Chapter 4 The United Nations
State sovereignty creates a real need for such organizations on a practical level - why?
- No central world government performs the function of coordinating the actions of states for mutual benefit
State sovereignty also severely limits the power of the UN and other IGO’s because they do not want to give the UN power
The UN System
Founded after WWII
Closest entity to a World Government
Members are sovereign states that have not empowered the UN to enforce its will within states’ territories except with the consent of those state’s governments
Purposes of the UN
Based on the principles that states are equal under international law; States have sovereignty over their own affairs; States should have independence and territorial integrity; States should carry out their international obligations; Also lays out the structure of the UN and how it operates; Costs of membership are dues and the agreement to behave in accordance with the charter
History of the UN
Funded in 1945
Successor to the League of Nations (Woodrow Wilson after WWI)
Tension with the U.S.
Constrains U.S. power because it can balance U.S. power BUT it amplifies U.S. power when the U.S. leads a global coalition
Increases in membership in the 1950s and 1960s
Due to independence of Asian and African states Impact on voting patterns
Role during the Cold War - irrelevant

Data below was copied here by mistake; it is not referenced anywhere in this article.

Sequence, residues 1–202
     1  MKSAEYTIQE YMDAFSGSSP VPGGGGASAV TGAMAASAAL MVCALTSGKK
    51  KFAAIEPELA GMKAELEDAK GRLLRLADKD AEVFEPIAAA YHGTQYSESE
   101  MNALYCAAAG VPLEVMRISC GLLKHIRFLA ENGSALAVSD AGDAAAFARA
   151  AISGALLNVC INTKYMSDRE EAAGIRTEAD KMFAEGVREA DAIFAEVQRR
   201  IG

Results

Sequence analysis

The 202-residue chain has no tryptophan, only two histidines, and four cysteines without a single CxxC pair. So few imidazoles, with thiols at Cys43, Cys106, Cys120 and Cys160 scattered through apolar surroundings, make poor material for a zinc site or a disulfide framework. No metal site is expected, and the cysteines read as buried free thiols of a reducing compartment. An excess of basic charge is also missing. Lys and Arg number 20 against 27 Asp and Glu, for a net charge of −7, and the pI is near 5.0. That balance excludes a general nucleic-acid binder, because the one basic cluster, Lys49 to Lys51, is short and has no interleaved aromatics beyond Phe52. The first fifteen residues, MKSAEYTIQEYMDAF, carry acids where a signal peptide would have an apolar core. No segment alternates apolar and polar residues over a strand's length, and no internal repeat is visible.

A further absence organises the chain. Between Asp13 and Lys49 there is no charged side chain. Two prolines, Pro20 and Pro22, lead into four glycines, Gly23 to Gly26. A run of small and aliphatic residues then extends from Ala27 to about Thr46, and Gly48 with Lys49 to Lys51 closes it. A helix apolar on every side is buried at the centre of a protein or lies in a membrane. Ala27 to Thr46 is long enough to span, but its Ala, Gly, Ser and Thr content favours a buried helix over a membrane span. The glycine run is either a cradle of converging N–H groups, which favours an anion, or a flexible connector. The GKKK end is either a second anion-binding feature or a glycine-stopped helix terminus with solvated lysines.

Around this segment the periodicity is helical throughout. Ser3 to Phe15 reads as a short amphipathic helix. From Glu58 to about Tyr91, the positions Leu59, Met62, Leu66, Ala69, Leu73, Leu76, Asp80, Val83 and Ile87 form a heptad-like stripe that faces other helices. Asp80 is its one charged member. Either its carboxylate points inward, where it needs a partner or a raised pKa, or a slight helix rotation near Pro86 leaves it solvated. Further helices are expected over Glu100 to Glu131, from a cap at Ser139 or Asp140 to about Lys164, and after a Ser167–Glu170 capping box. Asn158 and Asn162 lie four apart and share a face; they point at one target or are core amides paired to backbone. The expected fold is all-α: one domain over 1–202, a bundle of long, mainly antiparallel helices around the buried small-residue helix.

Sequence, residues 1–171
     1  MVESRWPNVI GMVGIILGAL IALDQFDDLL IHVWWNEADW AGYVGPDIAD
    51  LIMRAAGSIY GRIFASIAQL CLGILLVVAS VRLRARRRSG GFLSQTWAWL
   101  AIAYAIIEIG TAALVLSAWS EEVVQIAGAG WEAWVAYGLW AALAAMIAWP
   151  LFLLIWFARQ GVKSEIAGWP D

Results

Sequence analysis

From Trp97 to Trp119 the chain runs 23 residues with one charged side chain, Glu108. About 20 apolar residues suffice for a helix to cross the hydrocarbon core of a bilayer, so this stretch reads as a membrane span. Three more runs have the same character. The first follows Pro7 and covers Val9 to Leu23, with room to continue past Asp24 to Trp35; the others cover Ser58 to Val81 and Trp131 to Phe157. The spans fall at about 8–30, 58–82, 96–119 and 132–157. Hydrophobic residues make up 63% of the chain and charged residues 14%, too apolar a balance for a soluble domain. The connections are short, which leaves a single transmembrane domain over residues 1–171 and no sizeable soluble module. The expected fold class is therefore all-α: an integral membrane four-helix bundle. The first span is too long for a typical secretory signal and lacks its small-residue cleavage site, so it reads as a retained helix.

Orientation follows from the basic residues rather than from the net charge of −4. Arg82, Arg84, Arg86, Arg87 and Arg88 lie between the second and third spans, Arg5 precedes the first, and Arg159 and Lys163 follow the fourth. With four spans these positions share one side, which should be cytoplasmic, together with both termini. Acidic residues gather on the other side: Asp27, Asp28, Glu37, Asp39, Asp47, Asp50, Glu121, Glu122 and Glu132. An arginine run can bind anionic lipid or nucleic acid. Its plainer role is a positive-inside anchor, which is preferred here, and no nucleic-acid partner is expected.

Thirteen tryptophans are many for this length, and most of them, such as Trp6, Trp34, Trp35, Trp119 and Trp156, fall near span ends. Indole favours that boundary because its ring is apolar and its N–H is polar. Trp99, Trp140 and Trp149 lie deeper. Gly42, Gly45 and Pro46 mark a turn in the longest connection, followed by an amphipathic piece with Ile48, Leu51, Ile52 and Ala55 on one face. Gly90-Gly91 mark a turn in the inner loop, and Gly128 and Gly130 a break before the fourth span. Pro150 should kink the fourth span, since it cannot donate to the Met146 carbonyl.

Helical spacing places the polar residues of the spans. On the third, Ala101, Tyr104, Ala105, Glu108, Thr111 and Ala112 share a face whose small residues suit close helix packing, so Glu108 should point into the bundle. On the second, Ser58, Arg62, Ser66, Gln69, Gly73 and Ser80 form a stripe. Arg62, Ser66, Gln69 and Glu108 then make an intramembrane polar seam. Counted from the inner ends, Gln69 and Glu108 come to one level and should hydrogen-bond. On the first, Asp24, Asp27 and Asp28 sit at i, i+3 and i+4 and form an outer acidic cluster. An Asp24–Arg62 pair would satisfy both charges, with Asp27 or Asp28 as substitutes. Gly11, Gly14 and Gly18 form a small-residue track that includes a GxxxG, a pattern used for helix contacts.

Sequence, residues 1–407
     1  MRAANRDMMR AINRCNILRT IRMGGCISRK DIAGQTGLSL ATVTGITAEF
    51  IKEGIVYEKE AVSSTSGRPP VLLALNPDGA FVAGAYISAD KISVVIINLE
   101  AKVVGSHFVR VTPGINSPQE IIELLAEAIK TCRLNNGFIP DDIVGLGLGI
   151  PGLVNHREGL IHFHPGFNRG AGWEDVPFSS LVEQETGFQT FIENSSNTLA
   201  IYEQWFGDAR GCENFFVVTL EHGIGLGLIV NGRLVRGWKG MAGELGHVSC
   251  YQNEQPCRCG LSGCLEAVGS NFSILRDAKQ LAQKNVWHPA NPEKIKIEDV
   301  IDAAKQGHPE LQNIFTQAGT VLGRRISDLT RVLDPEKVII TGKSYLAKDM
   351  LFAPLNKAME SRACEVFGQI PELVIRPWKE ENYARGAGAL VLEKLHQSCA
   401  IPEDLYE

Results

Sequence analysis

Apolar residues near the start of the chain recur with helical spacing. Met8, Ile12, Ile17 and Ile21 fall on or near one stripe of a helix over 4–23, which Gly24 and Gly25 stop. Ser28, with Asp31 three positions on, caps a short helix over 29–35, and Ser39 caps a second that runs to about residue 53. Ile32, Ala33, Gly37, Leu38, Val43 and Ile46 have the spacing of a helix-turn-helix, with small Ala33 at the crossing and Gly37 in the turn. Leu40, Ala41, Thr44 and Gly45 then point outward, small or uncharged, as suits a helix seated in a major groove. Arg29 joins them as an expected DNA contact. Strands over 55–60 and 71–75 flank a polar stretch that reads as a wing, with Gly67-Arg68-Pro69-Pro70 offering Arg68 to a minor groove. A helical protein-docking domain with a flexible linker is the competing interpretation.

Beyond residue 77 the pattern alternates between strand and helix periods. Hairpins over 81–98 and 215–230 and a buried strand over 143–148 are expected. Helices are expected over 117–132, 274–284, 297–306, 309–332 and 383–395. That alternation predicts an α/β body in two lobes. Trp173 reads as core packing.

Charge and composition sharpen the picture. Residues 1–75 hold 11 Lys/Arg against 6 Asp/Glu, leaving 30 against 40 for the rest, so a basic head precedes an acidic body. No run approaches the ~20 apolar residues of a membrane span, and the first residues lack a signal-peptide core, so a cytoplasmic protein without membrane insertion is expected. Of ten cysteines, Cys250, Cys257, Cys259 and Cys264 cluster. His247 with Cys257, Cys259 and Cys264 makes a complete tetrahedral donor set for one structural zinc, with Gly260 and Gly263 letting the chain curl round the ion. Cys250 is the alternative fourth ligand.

Role after the Cold War - center stage in the case of international security
Currently follows the principle of ”three pillars”: Security, Economic Development, Human Rights
4.1 Construction of the UN
The UN Charter creates both a formal organization with its own powers and a set of basic rules of conduct for governments. It consists of the Security Council, the General Assembly, and the Secretariat.
The Security Council (SC) is responsible for responding to threats to international peace and security and has the authority to force states to change their policies through military enforcement if necessary.
The General Assembly (GA) can discuss any matter within the jurisdiction of the UN, including and beyond international peace and security (only making recommendations to states).
The secretariat is the bureaucratic staff of the UN, headed by the Secretary-General.
The Trusteeship Council (TC) is responsible for supervising any people and territories that have been placed under “trusteeship” with the UN.
The International Court of Justice is a judicial body where states bring complaints that other states have failed to live up to their obligations under international law.
The Economic and Social Council (ECOSOC) contains a subset of GA members and has the power to undertake studies and make recommendations on a range of non-security topics.
4.2 Law and administration
All members shall refrain in their international relations from the threat or use of force against…any states. Article2(4)
The organization is based on the principle of the sovereign equality of all its members. Article 2(1)
The UN cannot intervene in matters which are essentially within the domestic jurisdiction of any state. Article 2(7)
Key words: legal, equality, and domestic non-interference
The General Assembly can consider and make recommendations on many topics but its outputs have no coercive or binding authority.
The one exception to this pattern is that the Assembly has decisive power over the UN expenditure budget and the allocation of costs among member states.
In the absence of coercion, the Charter is largely designed around taking advantage of the self-interests of states in either preserving their good international reputations or in maintaining an organization that is broadly useful to them.